Review by sull56ivan2010

Reviewed: 06/02/20

Hungry for 40 years

When you think of the first very huge franchise, you're not thinking Atari. You're thinking Namco. In a part of gaming that had tons of shooters, even really good ones, it was getting monotonous. Out of nowhere came Puck-Man in mid-1980, later named Pac-Man when it hit the States later that year. It stood out. Color graphics, recognizable characters, little things here and there. Add in gameplay that is pick up and play, and you have one of the most recognized games of its era and one of the hottest IP's for a good five years.

Graphics: Galaxian and Rally-X both utilized its share of colors. Pac-Man is no different when you look at the graphics. It may have the least amount, but what you see is still pleasing to the eye. The eating animation of the title character is done well. Movement of the enemy is impressive. Little cutscenes show off a strong showcasing of sprites and what can be done with sets of characters. Simplistic, but some of the best efforts are done that way.

Audio: There isn't much, but the audio for Pac-Man helps in the recognition. It's a very early example of music, though its jingles when starting the game and in the cutscenes. The latter track creates a sense of tension and humor at the same time of what could happen next. You only get a handful of sound effects and expect to hear the same ones constantly. Of course, the death sounds go beyond being part of gaming culture. A step in progression.

Gameplay: Consider what Pac-Man was doing. It wasn't trying to shoot down anybody, nor was it a test of patience of being precise.This was about the title character eating everything in sight. What Namco created spawned this craze of everyone wanting their own character and establishing them as one of the best. As the title character, you are in a maze. Your goal is to eat every pellet in it and advance to the next level. Rinse and repeat. Twice in the level, fruit will appear and you can eat if you can make it before it disappears after a certain amount of time. Very simple.

You are in the confines of a maze. What stands between you and victory are four ghosts. They are distinct and have patterns similar to aliens in Galaxian. When beginning a maze, they go to their corners. After a short period of time, they will decide to go after Pac-Man. Each one has a method of going after him. There is a little bit of strategy. The size of the maze is good enough to know where to go and slip past them. It has tunnels which can slow them down a little bit, but do hope you don't get sandwiched if you enter one and they come from both sides. Then there's the power pellet. It's a way of relieving the stress of getting chased and increasing your score. They are limited and the time limit of its use varies. Prepare yourself if you want to get to the harder mazes.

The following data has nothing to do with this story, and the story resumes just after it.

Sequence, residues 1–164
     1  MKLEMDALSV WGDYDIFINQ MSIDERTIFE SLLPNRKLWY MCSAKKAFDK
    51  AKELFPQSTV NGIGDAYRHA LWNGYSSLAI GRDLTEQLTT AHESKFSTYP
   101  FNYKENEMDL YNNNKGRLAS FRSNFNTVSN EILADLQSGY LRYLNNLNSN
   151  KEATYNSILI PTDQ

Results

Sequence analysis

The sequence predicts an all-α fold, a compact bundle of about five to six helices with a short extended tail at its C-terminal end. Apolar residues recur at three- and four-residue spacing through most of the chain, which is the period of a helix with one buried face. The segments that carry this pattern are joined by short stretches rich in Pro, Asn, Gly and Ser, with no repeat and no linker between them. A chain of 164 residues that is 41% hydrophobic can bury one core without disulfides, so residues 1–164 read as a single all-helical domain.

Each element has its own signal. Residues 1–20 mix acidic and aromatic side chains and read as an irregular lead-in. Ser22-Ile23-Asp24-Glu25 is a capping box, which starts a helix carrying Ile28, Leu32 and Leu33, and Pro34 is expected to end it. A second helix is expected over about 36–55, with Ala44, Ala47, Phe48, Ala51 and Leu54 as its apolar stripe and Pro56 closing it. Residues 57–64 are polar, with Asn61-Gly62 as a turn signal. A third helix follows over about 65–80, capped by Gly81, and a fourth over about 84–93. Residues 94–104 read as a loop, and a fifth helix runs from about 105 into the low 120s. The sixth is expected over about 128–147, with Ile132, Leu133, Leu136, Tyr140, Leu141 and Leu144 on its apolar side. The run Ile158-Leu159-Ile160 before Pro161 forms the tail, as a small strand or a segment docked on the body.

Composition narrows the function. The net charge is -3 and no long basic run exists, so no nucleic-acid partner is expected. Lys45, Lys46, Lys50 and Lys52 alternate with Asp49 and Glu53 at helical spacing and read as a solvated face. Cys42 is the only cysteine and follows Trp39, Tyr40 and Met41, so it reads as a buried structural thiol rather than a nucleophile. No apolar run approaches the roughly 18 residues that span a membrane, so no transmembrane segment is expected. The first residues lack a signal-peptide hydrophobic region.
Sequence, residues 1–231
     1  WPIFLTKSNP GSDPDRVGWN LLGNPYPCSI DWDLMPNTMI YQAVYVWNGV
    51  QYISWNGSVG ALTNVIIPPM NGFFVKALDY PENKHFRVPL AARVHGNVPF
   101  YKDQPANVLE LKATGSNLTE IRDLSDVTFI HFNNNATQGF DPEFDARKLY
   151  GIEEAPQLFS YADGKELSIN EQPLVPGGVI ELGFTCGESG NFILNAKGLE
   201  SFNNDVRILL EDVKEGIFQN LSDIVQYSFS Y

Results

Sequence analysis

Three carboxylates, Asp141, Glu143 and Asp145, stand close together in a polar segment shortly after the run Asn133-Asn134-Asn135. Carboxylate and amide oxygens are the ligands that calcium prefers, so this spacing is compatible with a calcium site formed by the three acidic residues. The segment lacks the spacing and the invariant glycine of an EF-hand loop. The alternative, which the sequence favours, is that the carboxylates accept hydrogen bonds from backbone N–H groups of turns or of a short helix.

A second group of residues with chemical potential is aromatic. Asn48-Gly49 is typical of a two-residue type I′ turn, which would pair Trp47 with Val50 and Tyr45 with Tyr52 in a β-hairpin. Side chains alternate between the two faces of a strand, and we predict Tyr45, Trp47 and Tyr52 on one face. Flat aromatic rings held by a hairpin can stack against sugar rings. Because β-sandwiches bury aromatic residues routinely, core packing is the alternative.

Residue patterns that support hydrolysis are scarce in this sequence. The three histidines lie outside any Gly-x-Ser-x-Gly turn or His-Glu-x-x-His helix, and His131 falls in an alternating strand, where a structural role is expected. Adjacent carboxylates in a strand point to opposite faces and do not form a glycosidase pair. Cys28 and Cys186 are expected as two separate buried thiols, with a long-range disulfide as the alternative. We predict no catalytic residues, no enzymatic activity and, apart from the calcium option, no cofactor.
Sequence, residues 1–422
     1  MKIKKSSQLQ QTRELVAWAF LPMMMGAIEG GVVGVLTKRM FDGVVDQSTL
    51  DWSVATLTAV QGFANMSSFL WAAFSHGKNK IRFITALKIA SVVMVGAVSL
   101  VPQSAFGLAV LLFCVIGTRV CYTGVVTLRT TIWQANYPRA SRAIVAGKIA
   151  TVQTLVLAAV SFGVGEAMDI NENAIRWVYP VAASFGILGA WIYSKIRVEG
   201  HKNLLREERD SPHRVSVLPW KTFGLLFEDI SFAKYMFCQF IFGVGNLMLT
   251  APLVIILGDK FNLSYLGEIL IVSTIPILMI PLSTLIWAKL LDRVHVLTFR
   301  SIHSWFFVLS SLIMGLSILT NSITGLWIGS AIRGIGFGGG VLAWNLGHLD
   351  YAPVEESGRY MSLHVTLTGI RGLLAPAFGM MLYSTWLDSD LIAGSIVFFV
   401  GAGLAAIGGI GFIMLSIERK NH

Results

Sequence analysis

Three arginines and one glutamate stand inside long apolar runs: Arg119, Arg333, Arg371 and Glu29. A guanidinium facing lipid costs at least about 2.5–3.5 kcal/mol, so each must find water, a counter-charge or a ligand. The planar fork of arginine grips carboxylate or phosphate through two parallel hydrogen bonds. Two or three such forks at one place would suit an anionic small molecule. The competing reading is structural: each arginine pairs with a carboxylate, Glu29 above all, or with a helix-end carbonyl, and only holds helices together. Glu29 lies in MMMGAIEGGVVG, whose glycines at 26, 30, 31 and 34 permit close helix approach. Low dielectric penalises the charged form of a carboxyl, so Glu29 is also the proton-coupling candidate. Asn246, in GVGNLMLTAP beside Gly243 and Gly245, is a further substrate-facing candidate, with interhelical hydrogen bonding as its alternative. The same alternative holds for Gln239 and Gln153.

The design of the game is well thought out and it goes hand in hand with the difficulty. As you advance, the pace gets faster. With the speed increase comes less time for power pellets and less reaction time. With practice, it is possible to rack up a very good score and get through a couple handfuls of mazes. There's risk versus reward. Being on your toes. It is a fantastic game that needs to be played, no matter what. I don't have any huge gripes. Some deaths could be a little cheap every once in a while, but nothing compared to most arcade games of the time. The sound effects could get a little annoying. As a whole, there's a reason it's held in regard to being one of the greatest games ever.

Replay Value: The time varies, and it's one of those games where you want to try again to get further or get a better score.

Recommendation: Pac-Man is worth playing. Eating everything in sight feels very satisfying for a game of this caliber. The gobbler's adventures were only the beginning.

Rating: 9

Product Release: Pac-Man (US, 10/31/80)

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